Maine Memory Network
Maine's Online Museum

Login · My Account · Show Album


 

 

Search Results

Keywords: dam


Search within these results  |  New Search  |  Advanced Search

Historical Items (298)  |  Tax Records (1)  |  Exhibits (3)  |  Sites (0)  | 

Historical Items Showing 3 of 298 View All

Item 12258

Title: Runnel's Dam in Caribou, ca. 1900

Contributed by: Caribou Public Library

Date: circa 1900

Location: Caribou

Media: monochrome photograph

Item 22842

Title: Building the new dam above the Old Falls, Sanford, 1906

Contributed by: Sanford Historical Committee

Date: 1906

Location: Sanford

Media: Print from Glasss Negative

Item 12274

Title: Salmon Jumping at Caribou Dam, c. 1900

Contributed by: Caribou Public Library

Date: circa 1900

Location: Caribou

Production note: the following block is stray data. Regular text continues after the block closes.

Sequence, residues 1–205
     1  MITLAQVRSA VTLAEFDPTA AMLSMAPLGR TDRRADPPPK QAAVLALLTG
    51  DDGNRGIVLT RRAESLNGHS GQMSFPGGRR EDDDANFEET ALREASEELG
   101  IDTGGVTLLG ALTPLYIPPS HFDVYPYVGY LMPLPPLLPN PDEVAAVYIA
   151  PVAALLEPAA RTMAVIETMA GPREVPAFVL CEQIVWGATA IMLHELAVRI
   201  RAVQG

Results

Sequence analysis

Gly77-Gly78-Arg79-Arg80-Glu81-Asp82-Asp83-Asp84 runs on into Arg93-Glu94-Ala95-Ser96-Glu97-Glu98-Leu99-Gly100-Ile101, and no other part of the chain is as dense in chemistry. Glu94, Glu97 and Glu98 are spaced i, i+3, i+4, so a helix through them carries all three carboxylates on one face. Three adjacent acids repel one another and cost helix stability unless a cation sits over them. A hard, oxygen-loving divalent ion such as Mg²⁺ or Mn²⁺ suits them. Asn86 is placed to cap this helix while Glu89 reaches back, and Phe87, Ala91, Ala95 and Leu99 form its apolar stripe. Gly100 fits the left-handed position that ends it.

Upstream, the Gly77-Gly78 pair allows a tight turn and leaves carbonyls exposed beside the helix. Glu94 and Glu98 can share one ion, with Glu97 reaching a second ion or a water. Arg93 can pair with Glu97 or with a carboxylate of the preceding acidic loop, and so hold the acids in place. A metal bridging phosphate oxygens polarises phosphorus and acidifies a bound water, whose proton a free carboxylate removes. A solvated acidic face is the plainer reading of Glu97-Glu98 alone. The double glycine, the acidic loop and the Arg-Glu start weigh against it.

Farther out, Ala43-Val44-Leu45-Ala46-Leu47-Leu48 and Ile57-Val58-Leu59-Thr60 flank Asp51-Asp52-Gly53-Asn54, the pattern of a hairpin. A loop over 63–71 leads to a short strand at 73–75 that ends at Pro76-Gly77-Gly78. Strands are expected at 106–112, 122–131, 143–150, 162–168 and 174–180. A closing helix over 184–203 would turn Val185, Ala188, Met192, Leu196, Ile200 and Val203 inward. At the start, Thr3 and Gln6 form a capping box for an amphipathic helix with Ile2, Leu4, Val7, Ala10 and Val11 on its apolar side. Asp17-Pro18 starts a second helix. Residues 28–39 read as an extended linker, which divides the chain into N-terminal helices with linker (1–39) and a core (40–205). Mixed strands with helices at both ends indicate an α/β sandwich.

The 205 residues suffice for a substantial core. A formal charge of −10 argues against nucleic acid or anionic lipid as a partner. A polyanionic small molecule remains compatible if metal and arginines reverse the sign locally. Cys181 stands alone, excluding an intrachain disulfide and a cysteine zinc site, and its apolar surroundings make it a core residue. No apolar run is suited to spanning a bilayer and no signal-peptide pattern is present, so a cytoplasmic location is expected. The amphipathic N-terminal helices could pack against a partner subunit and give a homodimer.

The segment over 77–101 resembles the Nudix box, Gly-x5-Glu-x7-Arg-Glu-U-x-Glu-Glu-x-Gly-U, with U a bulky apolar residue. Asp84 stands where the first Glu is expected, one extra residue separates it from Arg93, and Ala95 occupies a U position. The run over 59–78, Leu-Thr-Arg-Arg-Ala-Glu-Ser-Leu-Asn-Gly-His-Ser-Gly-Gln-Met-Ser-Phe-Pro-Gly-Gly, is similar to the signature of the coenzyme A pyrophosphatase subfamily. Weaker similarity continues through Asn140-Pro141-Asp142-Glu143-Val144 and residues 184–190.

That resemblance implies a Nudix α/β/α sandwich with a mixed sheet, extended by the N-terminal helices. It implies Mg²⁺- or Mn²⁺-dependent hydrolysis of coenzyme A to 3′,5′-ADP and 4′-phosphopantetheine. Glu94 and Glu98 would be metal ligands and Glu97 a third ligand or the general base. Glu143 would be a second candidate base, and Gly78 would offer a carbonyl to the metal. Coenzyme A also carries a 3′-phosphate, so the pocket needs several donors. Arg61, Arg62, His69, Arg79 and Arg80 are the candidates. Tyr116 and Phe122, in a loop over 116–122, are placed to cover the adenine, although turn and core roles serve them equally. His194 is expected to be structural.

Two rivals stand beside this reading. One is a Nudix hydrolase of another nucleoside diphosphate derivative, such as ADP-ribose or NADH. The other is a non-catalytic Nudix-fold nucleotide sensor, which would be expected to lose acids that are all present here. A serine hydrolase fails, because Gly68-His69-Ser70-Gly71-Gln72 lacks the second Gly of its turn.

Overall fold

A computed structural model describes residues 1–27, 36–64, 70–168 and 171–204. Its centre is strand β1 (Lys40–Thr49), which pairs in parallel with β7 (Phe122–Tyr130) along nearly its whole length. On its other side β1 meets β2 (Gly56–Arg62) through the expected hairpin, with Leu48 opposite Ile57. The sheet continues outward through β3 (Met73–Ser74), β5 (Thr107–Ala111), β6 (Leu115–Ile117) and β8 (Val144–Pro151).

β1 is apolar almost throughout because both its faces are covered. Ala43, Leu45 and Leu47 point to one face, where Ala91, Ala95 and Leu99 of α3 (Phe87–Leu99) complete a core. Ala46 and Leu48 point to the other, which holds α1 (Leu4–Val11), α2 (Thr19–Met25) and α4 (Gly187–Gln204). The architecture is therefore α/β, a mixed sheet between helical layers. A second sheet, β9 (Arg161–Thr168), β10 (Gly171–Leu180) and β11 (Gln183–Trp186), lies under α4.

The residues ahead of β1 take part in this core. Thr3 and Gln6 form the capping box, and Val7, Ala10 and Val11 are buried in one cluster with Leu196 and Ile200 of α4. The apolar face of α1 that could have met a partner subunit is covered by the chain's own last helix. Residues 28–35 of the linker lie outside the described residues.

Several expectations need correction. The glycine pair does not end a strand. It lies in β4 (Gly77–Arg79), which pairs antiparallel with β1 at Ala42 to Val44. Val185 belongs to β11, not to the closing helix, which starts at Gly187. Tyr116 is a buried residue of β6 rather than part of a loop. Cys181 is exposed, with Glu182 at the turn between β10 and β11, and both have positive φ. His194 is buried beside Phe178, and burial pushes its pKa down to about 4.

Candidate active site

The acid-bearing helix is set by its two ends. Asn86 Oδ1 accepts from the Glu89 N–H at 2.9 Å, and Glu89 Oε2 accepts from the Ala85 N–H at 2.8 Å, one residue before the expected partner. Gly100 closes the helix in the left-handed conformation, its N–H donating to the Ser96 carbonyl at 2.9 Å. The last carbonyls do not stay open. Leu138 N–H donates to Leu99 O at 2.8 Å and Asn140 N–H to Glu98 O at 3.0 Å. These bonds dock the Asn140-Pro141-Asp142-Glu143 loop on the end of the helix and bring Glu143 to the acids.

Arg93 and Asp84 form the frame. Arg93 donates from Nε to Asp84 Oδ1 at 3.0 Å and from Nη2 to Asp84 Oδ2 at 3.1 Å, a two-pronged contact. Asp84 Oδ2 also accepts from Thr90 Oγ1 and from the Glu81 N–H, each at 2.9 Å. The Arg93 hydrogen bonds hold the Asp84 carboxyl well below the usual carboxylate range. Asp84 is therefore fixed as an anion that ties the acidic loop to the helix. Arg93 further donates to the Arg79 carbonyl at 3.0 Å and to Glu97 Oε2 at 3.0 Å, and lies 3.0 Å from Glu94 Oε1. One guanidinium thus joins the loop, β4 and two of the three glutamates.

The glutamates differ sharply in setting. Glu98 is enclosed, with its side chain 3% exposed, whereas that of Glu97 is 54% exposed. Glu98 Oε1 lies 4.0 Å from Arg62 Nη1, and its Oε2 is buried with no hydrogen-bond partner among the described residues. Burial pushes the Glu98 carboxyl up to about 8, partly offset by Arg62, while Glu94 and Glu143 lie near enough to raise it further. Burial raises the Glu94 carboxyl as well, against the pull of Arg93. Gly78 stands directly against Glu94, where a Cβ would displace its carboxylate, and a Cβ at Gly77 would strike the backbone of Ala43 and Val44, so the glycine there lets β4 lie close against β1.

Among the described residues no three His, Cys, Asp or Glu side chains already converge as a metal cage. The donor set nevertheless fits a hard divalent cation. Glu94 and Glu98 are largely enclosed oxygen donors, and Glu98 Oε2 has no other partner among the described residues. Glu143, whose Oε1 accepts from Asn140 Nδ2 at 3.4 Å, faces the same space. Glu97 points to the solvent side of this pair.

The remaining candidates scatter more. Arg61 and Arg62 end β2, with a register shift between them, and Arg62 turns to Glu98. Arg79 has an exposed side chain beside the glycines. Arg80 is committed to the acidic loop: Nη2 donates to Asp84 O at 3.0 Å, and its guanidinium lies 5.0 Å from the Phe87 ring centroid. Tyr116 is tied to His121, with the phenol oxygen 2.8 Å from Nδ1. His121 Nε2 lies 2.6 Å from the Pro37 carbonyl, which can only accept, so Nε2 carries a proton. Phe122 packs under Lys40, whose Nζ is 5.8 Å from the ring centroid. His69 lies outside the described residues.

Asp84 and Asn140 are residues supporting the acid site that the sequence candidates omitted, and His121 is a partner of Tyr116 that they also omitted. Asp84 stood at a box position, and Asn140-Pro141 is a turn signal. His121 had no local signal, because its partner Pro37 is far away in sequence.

Media: monochrome photograph

Tax Records Showing 1 of 1 View All

Item 87452

Address: Dam property, West Side Leavitt Street, Long Island, Portland, 1924

Owner in 1924: Albertina M. Dam

Use: Summer Dwelling

Exhibits Showing 3 of 3 View All

Exhibit

Pejepscot dam structure, Topsham, 1893

Powering Pejepscot Paper Co.

In 1893, F.C. Whitehouse of Topsham, who owned paper mills in Topsham and Lisbon Falls, began construction of a third mill on the eastern banks of the Androscoggin River five miles north of Topsham. First, he had to build a dam to harness the river's power.

Exhibit

Reddy Kilowatt lapel pin, ca. 1955

Wired! How Electricity Came to Maine

As early as 1633, entrepreneurs along the Piscataqua River in southern Maine utilized the force of the river to power a sawmill, recognizing the potential of the area's natural power sources, but it was not until the 1890s that technology made widespread electricity a reality -- and even then, consumers had to be urged to use it.

Exhibit

US Peg and Shank Mill, Princeton, 1930

Princeton: Woods and Water Built This Town

Princeton benefited from its location on a river -- the St. Croix -- that was useful for transportation of people and lumber and for powering mills as well as on its proximity to forests.